(Title Image: BBC Wales)
First Minister “supports an end to freedom of movement”
Following a speech in London, the First Minister said the Labour party should ignore voices from within calling for freedom of movement to be maintained after Brexit – although he expresses some support for freedom of movement for workers. He said, “In my mind, we have to recognise that people are unhappy with the freedom of movement, and we need to come up with an alternative.”
He also called on the UK Prime Minister to “put the UK before her party” and support a “sensible Brexit”, warning that a “no deal scenario” would be a catastrophe.
Third of Assembly workers have experienced some form of harassment
A survey undertaken by the Assembly Commission as part of work on its Dignity & Respect policy in light of the 2017 harassment scandal (pdf) revealed 33% of those who responded to the survey had experienced harassment or inappropriate behaviour at least once, and 38.5% had seen harassment.
In response to the survey results the Commission said, “Today we are restating the view that inappropriate behaviour by Members, their staff or Commission staff will not be tolerated. Collectively, we all have a responsibility to ensure that the National Assembly for Wales is a safe environment for those who work here, for those who visit the estate and for anyone who has dealings with us. Those principles apply wherever we undertake our work.”
QC-led Sargeant inquiry starts; immediately hits problems
An independent inquiry led by Paul Bowen QC into the First Minister’s actions immediately before and after the death of Carl Sargeant in November 2017 has launched after terms of reference were agreed and a pre-inquest hearing was held. The pre-inquest revealed that Carl Sargeant was receiving treatment for depression at the time of his death. The process is expected to last 6 months.
The inquiry was, however, immediately beset by problems. The first being an e-mail from the Permanent Secretary which called for evidence from civil servants to be passed to herself or Welsh Government HR – this was later amended to say evidence could be sent directly to the inquiry itself.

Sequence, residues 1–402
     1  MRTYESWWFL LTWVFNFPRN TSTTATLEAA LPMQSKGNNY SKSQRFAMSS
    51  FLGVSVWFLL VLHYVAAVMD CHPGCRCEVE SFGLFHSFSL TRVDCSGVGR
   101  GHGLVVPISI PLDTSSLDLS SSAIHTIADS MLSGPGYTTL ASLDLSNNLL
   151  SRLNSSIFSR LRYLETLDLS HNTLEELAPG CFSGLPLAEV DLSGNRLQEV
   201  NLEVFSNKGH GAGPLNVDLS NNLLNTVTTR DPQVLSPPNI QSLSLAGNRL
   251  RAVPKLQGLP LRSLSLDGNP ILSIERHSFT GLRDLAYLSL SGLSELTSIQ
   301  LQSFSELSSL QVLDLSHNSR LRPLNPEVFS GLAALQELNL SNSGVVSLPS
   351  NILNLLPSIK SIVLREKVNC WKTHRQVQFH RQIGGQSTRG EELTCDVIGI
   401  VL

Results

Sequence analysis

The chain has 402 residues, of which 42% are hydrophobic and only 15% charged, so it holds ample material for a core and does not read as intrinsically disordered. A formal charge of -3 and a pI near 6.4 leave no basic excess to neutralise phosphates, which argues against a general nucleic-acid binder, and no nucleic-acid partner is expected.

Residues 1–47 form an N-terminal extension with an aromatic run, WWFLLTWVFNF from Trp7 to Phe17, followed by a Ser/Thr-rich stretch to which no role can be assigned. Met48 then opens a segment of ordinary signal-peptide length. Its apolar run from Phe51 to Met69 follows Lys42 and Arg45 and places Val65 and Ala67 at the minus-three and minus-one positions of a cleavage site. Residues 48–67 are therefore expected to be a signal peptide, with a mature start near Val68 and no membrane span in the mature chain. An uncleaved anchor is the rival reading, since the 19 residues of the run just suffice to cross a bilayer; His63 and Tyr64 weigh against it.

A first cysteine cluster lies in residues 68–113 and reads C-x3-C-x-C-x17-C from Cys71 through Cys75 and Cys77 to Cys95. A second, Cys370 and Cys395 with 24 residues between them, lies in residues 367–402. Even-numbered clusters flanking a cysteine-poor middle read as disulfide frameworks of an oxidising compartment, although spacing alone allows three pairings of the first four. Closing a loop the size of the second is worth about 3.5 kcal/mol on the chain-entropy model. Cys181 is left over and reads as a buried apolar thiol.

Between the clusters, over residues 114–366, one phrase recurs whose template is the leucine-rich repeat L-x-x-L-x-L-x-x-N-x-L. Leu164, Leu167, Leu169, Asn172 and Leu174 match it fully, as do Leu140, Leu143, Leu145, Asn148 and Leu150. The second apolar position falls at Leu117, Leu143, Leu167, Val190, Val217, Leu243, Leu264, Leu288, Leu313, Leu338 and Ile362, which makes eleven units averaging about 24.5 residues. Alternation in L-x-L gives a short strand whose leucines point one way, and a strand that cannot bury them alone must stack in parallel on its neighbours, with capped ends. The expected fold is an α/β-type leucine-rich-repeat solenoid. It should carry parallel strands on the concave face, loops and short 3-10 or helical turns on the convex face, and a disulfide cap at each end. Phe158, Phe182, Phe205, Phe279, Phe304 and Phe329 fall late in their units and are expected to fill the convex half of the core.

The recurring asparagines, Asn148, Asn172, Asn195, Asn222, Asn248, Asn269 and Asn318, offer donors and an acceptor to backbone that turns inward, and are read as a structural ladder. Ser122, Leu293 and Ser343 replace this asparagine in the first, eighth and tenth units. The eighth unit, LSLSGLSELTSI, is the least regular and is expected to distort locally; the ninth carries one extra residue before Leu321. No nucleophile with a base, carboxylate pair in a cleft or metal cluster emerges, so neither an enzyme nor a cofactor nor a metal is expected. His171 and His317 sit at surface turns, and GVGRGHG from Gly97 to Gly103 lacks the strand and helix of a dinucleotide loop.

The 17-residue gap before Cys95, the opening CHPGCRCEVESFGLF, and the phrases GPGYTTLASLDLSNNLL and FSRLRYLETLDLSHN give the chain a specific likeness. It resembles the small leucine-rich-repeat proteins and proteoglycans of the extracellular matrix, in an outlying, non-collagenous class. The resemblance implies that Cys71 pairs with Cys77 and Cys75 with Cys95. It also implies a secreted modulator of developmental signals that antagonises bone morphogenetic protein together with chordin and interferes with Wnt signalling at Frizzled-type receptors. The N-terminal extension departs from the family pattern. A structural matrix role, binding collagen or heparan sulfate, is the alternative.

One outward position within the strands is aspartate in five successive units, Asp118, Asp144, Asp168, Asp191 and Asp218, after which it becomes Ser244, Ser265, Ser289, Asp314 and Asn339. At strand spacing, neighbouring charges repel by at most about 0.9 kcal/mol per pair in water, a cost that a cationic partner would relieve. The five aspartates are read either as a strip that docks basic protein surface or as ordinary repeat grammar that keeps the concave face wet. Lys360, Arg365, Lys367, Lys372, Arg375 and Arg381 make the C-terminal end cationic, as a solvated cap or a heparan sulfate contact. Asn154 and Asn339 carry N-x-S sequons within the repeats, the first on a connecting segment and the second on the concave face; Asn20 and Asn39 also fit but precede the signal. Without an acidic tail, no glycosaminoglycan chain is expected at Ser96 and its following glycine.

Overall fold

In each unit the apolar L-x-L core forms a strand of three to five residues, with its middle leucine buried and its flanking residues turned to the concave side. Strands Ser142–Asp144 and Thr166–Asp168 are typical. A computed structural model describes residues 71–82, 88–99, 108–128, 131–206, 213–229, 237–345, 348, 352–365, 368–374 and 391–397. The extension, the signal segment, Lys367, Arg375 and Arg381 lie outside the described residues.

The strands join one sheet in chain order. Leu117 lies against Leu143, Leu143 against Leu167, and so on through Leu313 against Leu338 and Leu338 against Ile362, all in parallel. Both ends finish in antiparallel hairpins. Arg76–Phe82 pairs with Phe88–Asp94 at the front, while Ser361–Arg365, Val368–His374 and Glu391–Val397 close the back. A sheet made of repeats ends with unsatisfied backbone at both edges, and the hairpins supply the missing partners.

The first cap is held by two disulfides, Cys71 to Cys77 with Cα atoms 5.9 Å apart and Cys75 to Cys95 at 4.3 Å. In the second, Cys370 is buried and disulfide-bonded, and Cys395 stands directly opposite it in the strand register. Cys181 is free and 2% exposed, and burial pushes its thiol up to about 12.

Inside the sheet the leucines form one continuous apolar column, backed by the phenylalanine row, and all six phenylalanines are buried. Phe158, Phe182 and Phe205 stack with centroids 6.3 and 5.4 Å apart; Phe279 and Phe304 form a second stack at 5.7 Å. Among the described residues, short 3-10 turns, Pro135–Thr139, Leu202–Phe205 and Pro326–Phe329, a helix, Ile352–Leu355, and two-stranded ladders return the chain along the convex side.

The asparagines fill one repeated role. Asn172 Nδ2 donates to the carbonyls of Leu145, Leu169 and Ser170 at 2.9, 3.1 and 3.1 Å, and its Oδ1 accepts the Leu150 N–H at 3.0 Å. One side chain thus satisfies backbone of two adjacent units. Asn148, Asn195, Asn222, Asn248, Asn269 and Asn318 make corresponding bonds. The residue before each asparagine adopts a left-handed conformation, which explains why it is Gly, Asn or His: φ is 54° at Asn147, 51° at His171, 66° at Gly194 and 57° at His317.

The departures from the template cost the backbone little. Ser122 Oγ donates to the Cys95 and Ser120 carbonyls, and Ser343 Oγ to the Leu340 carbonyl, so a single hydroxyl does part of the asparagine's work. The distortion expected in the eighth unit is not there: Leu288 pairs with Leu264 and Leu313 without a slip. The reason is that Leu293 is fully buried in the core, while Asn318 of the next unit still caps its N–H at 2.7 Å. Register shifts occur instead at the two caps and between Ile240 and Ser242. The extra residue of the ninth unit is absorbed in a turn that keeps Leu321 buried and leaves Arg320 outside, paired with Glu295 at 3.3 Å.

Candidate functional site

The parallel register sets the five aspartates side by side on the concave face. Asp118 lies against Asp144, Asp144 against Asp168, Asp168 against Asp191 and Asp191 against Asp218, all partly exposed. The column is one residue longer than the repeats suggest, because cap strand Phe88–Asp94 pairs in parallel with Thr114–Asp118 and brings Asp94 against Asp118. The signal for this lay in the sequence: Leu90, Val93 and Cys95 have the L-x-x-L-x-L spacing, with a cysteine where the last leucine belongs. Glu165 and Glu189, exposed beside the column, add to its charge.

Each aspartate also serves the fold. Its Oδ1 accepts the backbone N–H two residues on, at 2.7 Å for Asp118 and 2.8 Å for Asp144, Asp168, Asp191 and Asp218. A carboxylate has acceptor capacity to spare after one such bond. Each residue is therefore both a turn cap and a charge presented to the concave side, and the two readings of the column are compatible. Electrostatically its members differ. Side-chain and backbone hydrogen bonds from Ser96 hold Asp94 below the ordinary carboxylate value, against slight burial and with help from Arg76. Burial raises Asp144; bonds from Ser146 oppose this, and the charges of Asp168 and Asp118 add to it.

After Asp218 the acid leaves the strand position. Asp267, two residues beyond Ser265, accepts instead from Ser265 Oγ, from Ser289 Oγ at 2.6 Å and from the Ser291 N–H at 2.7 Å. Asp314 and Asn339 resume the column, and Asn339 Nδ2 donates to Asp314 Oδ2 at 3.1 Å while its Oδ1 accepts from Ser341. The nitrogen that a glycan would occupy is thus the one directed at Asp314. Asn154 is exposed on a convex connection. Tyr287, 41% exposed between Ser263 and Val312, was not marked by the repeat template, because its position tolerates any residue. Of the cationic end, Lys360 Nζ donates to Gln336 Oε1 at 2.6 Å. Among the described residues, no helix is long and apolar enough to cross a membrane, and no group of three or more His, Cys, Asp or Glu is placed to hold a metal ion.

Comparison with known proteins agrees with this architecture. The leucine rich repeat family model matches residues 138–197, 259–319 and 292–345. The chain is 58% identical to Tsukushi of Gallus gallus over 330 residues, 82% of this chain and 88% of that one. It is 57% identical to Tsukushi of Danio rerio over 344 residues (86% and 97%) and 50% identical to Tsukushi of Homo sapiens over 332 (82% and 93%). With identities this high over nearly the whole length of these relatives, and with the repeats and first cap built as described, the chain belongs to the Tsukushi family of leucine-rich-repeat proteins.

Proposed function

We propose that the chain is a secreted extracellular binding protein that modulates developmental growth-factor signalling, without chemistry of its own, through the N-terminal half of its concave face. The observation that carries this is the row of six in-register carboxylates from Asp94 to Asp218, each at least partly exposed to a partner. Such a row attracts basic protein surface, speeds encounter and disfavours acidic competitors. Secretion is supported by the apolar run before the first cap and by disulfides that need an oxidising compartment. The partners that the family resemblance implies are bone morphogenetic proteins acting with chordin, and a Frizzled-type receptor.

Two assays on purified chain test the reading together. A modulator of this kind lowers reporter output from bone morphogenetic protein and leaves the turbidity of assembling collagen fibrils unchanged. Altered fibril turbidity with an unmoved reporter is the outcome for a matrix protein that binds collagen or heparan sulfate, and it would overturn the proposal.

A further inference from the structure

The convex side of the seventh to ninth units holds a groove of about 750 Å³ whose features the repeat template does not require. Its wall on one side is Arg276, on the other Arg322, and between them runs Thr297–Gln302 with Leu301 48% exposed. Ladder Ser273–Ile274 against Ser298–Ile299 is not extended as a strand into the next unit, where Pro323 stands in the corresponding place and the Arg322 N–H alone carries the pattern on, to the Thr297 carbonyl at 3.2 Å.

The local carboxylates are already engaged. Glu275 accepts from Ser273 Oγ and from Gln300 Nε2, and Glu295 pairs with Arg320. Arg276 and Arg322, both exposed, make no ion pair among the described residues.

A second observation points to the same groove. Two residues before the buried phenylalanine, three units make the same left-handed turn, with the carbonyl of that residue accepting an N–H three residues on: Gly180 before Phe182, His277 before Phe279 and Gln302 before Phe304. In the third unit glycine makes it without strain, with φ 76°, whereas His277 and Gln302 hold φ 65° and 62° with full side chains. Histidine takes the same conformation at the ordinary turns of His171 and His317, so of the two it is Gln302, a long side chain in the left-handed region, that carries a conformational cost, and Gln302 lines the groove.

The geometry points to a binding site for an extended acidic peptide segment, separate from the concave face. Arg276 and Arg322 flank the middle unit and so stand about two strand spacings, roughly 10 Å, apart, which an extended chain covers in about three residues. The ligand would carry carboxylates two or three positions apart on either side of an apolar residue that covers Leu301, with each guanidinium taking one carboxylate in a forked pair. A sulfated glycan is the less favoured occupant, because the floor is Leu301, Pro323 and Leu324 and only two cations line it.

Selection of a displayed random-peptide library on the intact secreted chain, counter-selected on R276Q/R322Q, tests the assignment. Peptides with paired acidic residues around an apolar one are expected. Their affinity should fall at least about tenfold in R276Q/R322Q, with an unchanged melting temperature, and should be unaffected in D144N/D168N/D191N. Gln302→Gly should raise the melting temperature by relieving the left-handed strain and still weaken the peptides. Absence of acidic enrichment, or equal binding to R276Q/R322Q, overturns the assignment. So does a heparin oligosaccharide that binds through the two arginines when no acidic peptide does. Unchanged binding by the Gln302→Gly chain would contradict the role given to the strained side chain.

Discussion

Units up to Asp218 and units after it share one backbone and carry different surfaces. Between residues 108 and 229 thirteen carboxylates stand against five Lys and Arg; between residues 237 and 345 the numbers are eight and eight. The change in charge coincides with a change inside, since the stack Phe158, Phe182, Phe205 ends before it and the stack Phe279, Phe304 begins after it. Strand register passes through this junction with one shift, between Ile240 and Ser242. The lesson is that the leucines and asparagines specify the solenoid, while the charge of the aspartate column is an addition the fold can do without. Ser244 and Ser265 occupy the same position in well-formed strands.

Secondly, the Sargeant family’s legal representatives threatened to refer the inquiry’s ground rules to the High Court for judicial review, after saying they had effectively been “shut out” of the process. They expressed concerns over the timing of the inquiry (which will mean their barrister being unable to attend sessions due to their involvement with the Grenfell disaster inquiry) and their counsel being denied the right to cross-examine witnesses, including the First Minister.
Campaign Group: “Wales lagging behind on 20mph speed limits”
A road safety campaign group, 20s Plenty For Us, has called for the Welsh Government to use its new powers over speed limits to increase the number of 20mph zones.
Speaking to BBC Wales, the group said “We have had opposition – mostly on social media – saying if people don’t pay attention to the 30mph limit, why would they listen to 20mph? But it’s about changing attitudes and change has to start somewhere.”
Local authorities are responsible for setting speed limits on local roads, but often restrict them to outside schools and playgrounds. Only Cardiff Councils has widespread use of them.
NHS boost in England will mean “extra £1.2billion” for Wales
Following an announcement by the Prime Minister that the NHS in England will receive an additional £20billion a year by 2023, the Welsh Conservatives called for the expected £1.2billion boost to the Welsh budget to be spent on health.
It’s unclear how the money will be raised, but it’s expected to come partly from the (infamous) claim of £350million a week going to the EU combined with either a tax increase or a freeze on personal tax allowances.
The Welsh Government said, “While we welcome any additional funding, it cannot be forgotten that had the Welsh Budget seen real terms growth between 2010-11 and 2019-20, the budget would be some £4bn higher than it is today.”
Neil Hamilton to bid again for UKIP leadership
Neil Hamilton AM (UKIP, Mid & West Wales) will attempt to regain his leadership of the UKIP Assembly group from Caroline Jones AM (UKIP, South Wales West) after the central UK party ordered a ballot of party members. Neil and Caroline are expected to be the only candidates.
Following his unceremonial removal and failure to become an Assembly Commissioner last week, Neil said “I’ve had 40 years of experience in politics. I’m the only member of UKIP who has actually been a government minister. I’ve got a wealth of experience and knowledge that I want to use for the benefit of UKIP and ultimately for the benefit of Wales.”